The modern day ‘Establishment’ is a far cry from the reason that government was sought in the first place. Most of the population either don’t know or don’t care that, by voting for these systems, they are enriching the Establishment, increasing its grip on the economy, and gradually reducing individual personal power and choice. Continue reading
If you feel a total lack of interest in politics, you are not alone. Many young people are switching off from government and the state which promises so much but delivers so little. People are seeing the politicians for what they truly are; players in a game which serves only themselves.
Those who do still feel that voting is something worthwhile doing, are usually those with little interest in rectifying the key issues of the day, those who have no idea what is really going on behind the scenes presented by mass media, or those who still inhabit a world where they are getting a good deal from politicians. Typically they are the older, richer, voting population; baby boomers who have benefitted from the crony capitalism and fiat money supply expansion that has made all UK homeowners rich over the last 30 years. Many have a naive view of politics and don’t understand how the system works, and how corrupt and inefficient it is. Continue reading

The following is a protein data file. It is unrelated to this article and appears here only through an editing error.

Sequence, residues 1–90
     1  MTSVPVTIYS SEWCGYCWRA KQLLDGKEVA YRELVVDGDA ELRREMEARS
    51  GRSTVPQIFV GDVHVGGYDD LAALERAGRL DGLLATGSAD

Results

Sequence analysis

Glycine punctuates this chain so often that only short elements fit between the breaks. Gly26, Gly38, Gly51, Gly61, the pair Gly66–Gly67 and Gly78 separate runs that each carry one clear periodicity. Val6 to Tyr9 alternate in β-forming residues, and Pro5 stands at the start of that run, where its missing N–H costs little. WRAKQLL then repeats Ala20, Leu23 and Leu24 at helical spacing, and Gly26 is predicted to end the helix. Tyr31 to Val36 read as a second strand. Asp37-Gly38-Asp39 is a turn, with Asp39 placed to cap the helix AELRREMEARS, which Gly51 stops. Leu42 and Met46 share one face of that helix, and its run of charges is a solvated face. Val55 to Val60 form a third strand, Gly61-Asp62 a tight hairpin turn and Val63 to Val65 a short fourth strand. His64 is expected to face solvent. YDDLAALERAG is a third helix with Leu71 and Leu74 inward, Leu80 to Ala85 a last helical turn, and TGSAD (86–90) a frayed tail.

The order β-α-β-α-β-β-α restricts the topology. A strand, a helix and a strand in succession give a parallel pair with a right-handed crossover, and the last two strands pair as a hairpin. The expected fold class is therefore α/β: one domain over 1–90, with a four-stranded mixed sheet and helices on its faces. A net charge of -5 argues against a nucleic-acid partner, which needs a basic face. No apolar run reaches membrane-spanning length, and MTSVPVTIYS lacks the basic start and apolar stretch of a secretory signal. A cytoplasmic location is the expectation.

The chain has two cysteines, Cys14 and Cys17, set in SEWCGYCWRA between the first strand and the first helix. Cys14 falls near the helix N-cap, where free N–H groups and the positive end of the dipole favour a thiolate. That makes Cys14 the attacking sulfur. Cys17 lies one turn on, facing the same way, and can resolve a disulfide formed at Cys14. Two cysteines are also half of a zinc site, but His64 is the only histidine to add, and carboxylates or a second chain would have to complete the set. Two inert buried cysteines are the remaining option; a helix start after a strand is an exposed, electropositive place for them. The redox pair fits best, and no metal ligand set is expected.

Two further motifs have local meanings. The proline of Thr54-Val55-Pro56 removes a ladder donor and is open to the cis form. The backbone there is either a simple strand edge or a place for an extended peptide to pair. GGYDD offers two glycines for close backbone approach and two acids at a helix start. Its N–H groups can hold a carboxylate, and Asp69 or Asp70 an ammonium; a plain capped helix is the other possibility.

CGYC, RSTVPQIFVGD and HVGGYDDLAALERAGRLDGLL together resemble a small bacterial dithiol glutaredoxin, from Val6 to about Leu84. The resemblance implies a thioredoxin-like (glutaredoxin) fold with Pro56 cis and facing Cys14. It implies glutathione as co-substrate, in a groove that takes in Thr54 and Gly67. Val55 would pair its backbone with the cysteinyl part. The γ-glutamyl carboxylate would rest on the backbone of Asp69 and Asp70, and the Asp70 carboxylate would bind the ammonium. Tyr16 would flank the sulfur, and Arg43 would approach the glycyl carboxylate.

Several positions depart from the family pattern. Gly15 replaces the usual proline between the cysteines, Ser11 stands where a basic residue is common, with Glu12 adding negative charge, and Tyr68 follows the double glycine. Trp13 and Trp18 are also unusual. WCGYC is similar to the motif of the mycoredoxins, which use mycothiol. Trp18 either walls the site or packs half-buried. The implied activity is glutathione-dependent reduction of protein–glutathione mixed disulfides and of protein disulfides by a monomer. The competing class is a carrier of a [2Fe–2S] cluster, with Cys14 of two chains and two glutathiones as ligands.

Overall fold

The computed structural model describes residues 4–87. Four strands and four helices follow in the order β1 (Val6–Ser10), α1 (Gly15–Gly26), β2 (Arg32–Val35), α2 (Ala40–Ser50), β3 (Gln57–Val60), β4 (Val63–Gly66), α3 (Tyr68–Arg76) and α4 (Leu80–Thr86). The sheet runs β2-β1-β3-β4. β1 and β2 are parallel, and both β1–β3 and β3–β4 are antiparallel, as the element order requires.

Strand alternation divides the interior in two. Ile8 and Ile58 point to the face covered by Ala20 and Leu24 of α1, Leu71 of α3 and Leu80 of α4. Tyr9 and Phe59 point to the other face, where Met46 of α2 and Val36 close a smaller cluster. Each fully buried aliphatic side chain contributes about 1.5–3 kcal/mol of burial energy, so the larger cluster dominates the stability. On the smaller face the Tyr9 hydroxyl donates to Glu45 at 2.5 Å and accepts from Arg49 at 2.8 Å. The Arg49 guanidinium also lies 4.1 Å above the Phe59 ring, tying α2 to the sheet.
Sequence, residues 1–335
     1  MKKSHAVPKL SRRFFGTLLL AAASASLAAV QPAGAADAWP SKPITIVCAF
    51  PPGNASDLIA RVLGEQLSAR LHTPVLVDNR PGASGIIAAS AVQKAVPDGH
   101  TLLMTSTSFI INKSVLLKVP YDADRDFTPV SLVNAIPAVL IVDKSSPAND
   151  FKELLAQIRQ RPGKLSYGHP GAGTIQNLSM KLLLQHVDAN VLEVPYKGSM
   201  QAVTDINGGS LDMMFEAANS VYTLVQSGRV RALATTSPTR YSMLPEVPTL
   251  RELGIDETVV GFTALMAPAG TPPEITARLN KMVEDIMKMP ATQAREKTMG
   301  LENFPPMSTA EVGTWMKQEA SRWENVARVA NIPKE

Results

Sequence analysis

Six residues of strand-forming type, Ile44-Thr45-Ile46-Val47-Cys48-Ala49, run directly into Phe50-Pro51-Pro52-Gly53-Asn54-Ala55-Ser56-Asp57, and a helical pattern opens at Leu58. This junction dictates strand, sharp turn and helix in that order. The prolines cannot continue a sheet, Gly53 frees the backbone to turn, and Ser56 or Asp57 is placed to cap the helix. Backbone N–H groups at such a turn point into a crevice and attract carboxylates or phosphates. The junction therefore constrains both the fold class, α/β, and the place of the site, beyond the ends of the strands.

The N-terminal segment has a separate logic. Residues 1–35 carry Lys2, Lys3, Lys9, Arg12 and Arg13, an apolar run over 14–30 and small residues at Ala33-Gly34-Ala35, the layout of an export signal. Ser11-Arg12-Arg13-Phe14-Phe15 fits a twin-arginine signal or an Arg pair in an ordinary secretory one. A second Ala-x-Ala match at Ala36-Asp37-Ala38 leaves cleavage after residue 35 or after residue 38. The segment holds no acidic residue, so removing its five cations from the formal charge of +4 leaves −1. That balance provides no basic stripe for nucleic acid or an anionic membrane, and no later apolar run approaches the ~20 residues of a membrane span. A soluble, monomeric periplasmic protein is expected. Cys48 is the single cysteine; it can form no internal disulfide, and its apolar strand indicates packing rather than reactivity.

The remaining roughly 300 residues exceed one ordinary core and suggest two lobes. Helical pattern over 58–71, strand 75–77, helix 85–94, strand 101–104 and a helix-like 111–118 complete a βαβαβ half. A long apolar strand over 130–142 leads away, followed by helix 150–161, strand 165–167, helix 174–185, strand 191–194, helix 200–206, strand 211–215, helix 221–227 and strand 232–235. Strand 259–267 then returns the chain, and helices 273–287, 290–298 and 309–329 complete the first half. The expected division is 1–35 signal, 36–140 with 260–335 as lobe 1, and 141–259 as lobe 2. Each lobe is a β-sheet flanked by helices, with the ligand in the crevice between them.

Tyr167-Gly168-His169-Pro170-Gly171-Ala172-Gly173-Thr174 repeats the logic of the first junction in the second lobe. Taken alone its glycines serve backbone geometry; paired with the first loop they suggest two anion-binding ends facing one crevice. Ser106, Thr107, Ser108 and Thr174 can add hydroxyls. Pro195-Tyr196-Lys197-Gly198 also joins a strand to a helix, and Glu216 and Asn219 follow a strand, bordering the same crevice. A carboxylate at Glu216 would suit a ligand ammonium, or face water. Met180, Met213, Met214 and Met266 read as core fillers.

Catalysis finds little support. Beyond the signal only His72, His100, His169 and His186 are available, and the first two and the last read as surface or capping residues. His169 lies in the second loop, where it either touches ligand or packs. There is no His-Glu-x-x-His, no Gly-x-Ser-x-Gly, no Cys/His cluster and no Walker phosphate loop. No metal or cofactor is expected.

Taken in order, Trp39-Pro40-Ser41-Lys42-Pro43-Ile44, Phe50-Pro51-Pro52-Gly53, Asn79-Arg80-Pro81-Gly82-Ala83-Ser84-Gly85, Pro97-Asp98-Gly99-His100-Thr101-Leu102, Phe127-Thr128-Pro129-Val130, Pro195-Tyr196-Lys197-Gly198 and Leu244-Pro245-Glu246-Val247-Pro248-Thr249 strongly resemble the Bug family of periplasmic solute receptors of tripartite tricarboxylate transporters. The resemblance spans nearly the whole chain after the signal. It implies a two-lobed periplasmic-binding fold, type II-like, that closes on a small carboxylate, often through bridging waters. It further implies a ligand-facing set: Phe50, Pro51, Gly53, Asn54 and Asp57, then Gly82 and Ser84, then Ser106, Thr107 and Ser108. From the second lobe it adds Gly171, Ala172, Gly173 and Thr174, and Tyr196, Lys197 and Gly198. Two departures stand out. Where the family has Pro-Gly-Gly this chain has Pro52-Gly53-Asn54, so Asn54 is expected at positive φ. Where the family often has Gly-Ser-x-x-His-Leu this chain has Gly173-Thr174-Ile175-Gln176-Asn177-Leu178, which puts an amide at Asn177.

I found this article on the independent headlined: Bitcoin: “Government to regulate cryptocurrency to avoid money laundering, says Treasury“, which I couldn’t help but comment on. What I found most annoying about the article was the total lack of comment regarding the underlying story.
It’s not the concept of increased security which bothers me. Of course I think that there should be checks to prevent criminal behaviour infiltrating the system. What made me laugh is the failings of the current regulatory system with regards to tackling criminal behaviour including; Fraud, Libor Fraud, PPI Fraud, Exchange Rate Fraud, Mexican Drug Cartel Money Laundering and Accepting money from known supporters of Terrorist organisations.
The banking institutions which were involved in these activities were given a small, token fine, and nobody was prosecuted. They were allowed to carry on as if nothing had happened. And we the public are being conditioned to see mass market fraud as nothing serious, while minor benefit fraud is touted as a jailable offence. PPI Fraud was renamed PPI mis-selling. Mis-selling? Call a spade a spade. The banks ripped us off, knowingly in a massive fraud, and they got away with it scott-free. NOT. ONE. SINGLE. PROSECUTION.
Why would the Treasury be interested in regulating Bitcoin? Banks and big business are in cahoots with the Treasury and so can pretty much do as they please; all sort of criminal behaviour is accepted with little more than a shake of the head and a strong exhalation through the nose.
Also, banks are the current intermediaries of exchange. HM Treasury uses them to extract wealth in the form of taxation from the population. The banks take their cut of course. If you have a job, you need a bank account, and that bank account is where your salary (minus tax and NI) is deposited.
If people started to use a medium of exchange which suited them, like Bitcoin, then two things are going to change:
1. The Treasury has no longer got an eye on your tax affairs. So any ‘bitcoin tax’ you pay is your own business.